PHP HelpPHP Help

Online Community that helps beginners learn PHP,
and webmasters solve PHP coding problems

since 1999



Introduction to sending email from PHP scripts

Understanding the Mail Function

It is a very common task to send input data from web form to email. In this tutorial, we will look at how to generate and send mail with PHP.

Introduction to sending email from PHP scripts

PHP provides a convenient way to send email through the mail() function. This PHP function is a great way to send mail using a simple and standard interface that hides the complexity and quirks of various system programs that are responsible for sending mail. (Sendmail and Qmail are two examples of popular mail programs you would have to talk to directly if the mail() function did not exist). This tutorial will introduce you to the basics of sending mail from PHP scripts and making a simple feedback form.

The mail() function accepts three required values and one optional value. It returns a value indicating success or failure. The email address of the recipient (or To: field), the subject of the message (or Subject: field), and the message body can all be specified through parameters. An optional string containing extra headers can be specified.

mail (string $msgTo, string $msgSubject, string $msgBody, string $extraHeaders);
 

To send a message, you simply fill in the parameters. This example uses literal strings to illustrate the general usage of the function. The first parameter specifies the email address we are sending mail to. The second is the message subject. I used the third optional parameter to set the "From:" header to an address where I wanted replies to go and added a "X-Mailer:" header to help mail administrators identify the message as originating from an automated source.

When you create a custom header string, remember to separate each additional header with a linefeed ( ). Otherwise, the message text may become garbled. Messages sent through the mail() function are in plain text.

<?php

  mail 
("myname@email.com""Use PHP Everyday""Don't forget to floss and use PHP everyday!""From: no-reply@phphelp.com X-Mailer: My PHP Script");

?>
 

Most of the time, you won't be specifying these values using literal strings, but through variables. You may want to obtain these values from an included php script fragment (an "initialization file") or from a form submission. It's likely you'll want to use values submitted by a form or generated programmatically to send a message. In that case, we substitute string variables for the literal strings used in the previous example.

<?php

  mail 
($strMailTo$strSubject$strBody$strXHeaders);

?>
 

Adding Extra Header Information

As I mentioned, the mail() function allows you to specify additional header fields to be added to the message header. One use for the extra headers to identify the message as having been generated programmatically. Any script that generates mail can be thought of as a "remailer." Often, it is useful for a form to send mail that appears to come from the person submitting the form. One such use is when setting up a form that subscribes a user to a mailing list. The following code rewrites the From: field to the user's email address and adds a X-Header identifying the mail as being sent from your custom remailer script. Identifying mail as coming from your script gives administrators a heads up that mail is coming from an automated source, if there should be a problem with mail generated by your script. I used the phpversion() function to identify the message as coming from a php script (as the php manual shows).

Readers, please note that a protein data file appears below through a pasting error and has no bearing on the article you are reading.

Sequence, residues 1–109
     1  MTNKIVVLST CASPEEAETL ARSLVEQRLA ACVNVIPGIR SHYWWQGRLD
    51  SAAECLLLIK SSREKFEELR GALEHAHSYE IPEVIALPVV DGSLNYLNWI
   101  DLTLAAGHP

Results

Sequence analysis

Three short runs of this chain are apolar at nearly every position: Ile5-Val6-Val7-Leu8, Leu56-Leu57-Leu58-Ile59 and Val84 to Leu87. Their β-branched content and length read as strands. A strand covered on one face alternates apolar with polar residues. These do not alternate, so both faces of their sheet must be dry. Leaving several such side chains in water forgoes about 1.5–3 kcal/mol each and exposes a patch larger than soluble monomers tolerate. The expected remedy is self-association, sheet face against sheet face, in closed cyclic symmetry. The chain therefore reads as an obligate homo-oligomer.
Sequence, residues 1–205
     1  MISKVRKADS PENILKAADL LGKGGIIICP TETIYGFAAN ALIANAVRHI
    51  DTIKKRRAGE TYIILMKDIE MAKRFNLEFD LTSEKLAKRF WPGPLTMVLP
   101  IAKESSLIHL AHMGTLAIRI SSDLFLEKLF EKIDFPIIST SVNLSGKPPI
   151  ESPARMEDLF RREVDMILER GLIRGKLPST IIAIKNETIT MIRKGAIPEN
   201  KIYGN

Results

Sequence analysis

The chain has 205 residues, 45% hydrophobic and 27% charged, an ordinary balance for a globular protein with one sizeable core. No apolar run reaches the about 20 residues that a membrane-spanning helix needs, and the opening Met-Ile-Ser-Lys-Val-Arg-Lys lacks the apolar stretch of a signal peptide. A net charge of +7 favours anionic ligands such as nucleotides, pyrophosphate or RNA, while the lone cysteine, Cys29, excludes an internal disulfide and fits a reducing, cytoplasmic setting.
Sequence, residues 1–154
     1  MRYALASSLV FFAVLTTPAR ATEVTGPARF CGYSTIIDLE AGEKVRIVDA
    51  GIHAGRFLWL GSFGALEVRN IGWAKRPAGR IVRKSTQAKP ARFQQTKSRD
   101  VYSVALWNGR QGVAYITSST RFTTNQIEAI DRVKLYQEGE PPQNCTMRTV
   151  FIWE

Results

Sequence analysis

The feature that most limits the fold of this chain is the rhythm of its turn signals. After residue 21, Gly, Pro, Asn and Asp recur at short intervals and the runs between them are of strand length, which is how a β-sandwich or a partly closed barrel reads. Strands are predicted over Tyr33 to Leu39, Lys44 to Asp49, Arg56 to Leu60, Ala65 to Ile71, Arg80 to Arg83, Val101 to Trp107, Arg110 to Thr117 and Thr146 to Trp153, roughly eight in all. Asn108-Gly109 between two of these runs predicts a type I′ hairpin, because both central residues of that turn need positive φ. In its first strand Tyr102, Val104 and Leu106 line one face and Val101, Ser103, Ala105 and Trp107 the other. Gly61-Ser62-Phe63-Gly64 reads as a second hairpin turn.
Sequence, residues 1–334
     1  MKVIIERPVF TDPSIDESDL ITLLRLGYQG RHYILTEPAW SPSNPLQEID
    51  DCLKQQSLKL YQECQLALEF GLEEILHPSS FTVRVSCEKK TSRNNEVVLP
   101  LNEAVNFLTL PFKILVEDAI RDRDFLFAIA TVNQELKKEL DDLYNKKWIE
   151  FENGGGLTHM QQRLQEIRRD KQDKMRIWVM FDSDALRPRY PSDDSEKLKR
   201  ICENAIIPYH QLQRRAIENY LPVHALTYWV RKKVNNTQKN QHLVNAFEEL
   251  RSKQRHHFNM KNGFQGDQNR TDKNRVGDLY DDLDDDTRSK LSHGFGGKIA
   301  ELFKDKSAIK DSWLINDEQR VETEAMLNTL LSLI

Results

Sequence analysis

<?php

  mail 
($list_request"Subscribe""Subscribe""From: $email_address X-Mailer: PHP/" phpversion());

?>
 

Some list servers require that the user's first and last names be available in the From: field. To satisfy them, add form variables for the names into the From: field in the extra headers. It's necessary to "escape" the double quotes within a double quote context. This is accomplished by prefixing (or "escaping", which is the fancy term for protecting a character from misinterpretation) the quotes surrounding the first and last names with the backslash character. The email address is enclosed by angle brackets to help differentiate it from the surrounding text, as is usual practice in net email.

<?php

  $from 
"From: "$first_name $last_name" <$email_address> X-Mailer: PHP/" phpversion();
  
mail ($list_request"Subscribe""Subscribe"$from); 

?>
 

When to Use the Mail Function

Having such a simple and uncomplicated function for sending mail is useful when a script must send several messages. It takes only one line of code (unless you create your own function for sending mail), so helps keep code readable if the mail() functions must appear in a conditional statement. It's also nice to be able to communicate with the mail program without worrying about the command syntax or security measures required to execute a Unix mail program. Although the interface to sendmail or qmail is standardized, using the mail function protects your script to a degree from any changes to sendmail an administrator might make. Using the mail() function means you do not have to create your own function for sending mail or duplicate code inline. The following script gives an example of using more than one mail() function in a script to notify the administrator when a form submission is made and at the same time, respond to the user by email. (Please keep in mind this is just a sketch showing what is possible, not a working example).

<?php

if($notify){
  
// notify admin
  
$mailTo "admin@some.com";
  
$msgSubject "Downloading MediaKit";
  
$msgBody "$name$company$address$email_address$demographics";
  
$xHeaders "From: $email_address X-Mailer: PHP/" phpversion();

  
mail ($mailTo$msgSubject$msgBody$xHeaders);
}

// thank customer